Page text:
Indigenous Allied Health Australia Ltd. (IAHA) is a national not for profit, member based Aboriginal and Torres Strait Islander allied health organisation and endorsed charitable institution. IAHA is registered with the Australian Charities and Not-for-profits Commission (ACNC), the independent national regulator of charities, and has deductable gift recipient (DGR) status. Click here to donate now.
IAHA was established in 2009, from a network of committed allied health professionals and in 2013 registered as a company under the Corporations ACT 2001 with the Australian Securities and Investment Commission and is a company limited by guarantee.
A copy of the current IAHA Constitution can be found here.
A copy of the IAHA Privacy and Confidentiality policy can be found here.
Should you wish to provide IAHA with any feedback please click here.
What We Do
Aboriginal and Torres Strait Islander health professionals play a vital role in addressing the health and wellbeing of Australia’s First Peoples. In order to close the gap in health outcomes, more Aboriginal and Torres Strait Islander people must be encouraged to consider, pursue and succeed in allied health careers.
As a peak body IAHA:
- provides support and advocacy on behalf of Indigenous allied health professionals and students at the local, regional and national level.
- builds strong leadership capacity across the allied health and Indigenous health sectors.
- works closely with organisations, universities and other related sectors to improve health curricula, address allied health workforce issues, and promote allied health careers to Aboriginal and Torres Strait Islander peoples.
- provides expert advice to governments, allied health professional bodies, educational institutions and the health sector in relation to health policy and issues.
- develops and maintains strong networks and connections to Indigenous communities to ensure IAHA core objectives are meeting their needs and aspirations.
- works closely with the health sector and communities to improve access to allied health services.
For Aboriginal and Torres Strait Islander peoples to have health equity through improved access to culturally responsive allied health care that is recognised as an essential part of a holistic approach to achieving optimal health and wellbeing.
To improve the lives of Aboriginal and Torres Strait Islander peoples and influence generational change, through national allied health leadership, building a responsive workforce, advocacy, partnerships and support across the multiple sectors that influence health and wellbeing.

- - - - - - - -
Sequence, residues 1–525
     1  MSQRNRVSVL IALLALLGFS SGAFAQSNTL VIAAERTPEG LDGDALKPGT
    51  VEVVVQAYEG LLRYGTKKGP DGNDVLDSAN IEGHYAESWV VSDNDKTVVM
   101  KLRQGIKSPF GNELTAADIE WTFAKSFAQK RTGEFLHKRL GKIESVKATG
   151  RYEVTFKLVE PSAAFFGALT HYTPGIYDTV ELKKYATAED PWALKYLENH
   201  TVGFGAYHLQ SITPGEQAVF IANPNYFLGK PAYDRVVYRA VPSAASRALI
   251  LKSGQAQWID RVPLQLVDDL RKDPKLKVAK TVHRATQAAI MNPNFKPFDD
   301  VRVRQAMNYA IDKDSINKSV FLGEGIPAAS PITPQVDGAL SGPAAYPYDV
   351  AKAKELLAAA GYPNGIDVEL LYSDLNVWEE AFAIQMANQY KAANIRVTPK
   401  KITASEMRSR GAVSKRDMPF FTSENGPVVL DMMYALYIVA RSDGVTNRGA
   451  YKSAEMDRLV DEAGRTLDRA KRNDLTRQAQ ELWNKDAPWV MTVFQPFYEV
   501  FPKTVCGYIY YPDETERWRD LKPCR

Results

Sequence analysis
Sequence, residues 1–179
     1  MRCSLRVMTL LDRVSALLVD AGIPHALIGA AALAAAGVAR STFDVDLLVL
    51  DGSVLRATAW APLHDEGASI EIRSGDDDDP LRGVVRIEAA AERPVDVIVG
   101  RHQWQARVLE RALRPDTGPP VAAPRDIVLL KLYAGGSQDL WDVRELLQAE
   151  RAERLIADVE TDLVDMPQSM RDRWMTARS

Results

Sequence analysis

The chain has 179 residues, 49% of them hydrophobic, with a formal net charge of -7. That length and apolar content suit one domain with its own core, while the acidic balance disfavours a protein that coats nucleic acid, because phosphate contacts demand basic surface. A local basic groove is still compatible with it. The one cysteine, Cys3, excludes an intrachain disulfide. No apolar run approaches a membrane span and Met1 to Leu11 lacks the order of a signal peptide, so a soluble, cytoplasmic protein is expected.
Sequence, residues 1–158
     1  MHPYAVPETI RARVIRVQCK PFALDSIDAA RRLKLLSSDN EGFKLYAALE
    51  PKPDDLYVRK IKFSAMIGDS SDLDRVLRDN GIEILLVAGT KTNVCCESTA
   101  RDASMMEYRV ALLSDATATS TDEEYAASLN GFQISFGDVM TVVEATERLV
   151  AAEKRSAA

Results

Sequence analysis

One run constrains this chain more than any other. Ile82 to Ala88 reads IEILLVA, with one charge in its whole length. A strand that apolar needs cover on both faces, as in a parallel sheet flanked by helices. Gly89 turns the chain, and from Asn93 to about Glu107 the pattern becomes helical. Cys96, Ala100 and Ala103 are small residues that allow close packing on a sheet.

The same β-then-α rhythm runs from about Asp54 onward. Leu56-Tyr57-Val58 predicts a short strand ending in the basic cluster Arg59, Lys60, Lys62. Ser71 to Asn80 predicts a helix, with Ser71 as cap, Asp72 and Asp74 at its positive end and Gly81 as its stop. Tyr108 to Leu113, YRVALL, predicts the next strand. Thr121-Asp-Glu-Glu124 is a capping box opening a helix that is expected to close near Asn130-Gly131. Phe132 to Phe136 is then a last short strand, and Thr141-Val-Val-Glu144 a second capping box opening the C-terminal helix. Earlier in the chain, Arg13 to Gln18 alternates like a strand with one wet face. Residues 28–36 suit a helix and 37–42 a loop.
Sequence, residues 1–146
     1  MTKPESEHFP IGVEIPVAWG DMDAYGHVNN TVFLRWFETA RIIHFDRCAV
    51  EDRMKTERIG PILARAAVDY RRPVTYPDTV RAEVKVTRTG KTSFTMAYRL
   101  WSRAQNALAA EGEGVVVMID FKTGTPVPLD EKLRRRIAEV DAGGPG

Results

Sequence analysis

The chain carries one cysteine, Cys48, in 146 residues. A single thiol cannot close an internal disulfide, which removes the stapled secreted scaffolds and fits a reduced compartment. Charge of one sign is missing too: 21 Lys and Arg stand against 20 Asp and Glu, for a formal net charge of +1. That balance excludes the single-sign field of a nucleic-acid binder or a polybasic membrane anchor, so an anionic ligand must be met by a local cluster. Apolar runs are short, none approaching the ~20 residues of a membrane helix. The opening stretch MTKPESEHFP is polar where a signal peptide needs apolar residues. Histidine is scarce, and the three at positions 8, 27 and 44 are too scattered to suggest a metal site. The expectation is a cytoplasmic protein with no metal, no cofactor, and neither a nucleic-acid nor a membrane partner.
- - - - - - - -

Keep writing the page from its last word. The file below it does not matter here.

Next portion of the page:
As the national Aboriginal and Torres Strait Islander allied health peak body we value:
The following principles lay the foundation for IAHA strategic priorities and objectives:
History of IAHA
The incorporation of Indigenous Allied Health Australia Inc. was preceded by a 12 month project to establish the Indigenous Allied Health Network, which was funded by the Australian Government Department of Health and Ageing in July 2008. The Koori Occupational Therapy Scheme developed a proposal for funding to establish an Indigenous allied health network. The proposal was auspiced by Allied Health Professions Australia.
In June 2009, nine Indigenous allied health professionals attended the first general meeting of Indigenous Allied Health Australia.
During the meeting the purposes and objectives of IAHA and the proposed Rules were adopted, and its first Committee of Management appointed. Shortly afterwards, the newly established Committee of Management met and elected the President, Vice President and Treasurer.
Indigenous Allied Health Australia incorporated under the Associations Incorporation Act 1981 (Vic) as a national association on 12 June 2009, supported by a 12 month funding agreement from the Department of Health and Ageing.
In December 2009 IAHA’s first Chief Executive Officer, Mr Craig Dukes was appointed, followed shortly by the establishment of the IAHA office at 10 Thesiger Court Deakin ACT 2601. IAHA held its official launch in July 2010 at the Koorie Heritage Trust in Melbourne.
Since our incorporation, IAHA has developed into a strong and influential national peak body representing Aboriginal and Torres Strait Islander Allied Health Professionals and students. We are involved in a number of national advisory bodies and committees. This allows us to have a strong voice and advocate for the allied health sector and build sustainable and positive relationships with professional associations, the not-for-profit sector and work in partnership with other Indigenous national peak bodies.
Indigenous Allied Health Australia receives funding from the Australian Government Department of Health and Ageing.
IAHA acknowledges the original artwork by artist Colleen Wallace of Utopia, NT, which is used in the IAHA logo. The original artwork depicts people coming together to meet.
IAHA acknowledges the original artwork by artist Jade-Aaron Williams entitled ‘Coming Together’, which has been used in the IAHA Conference artwork.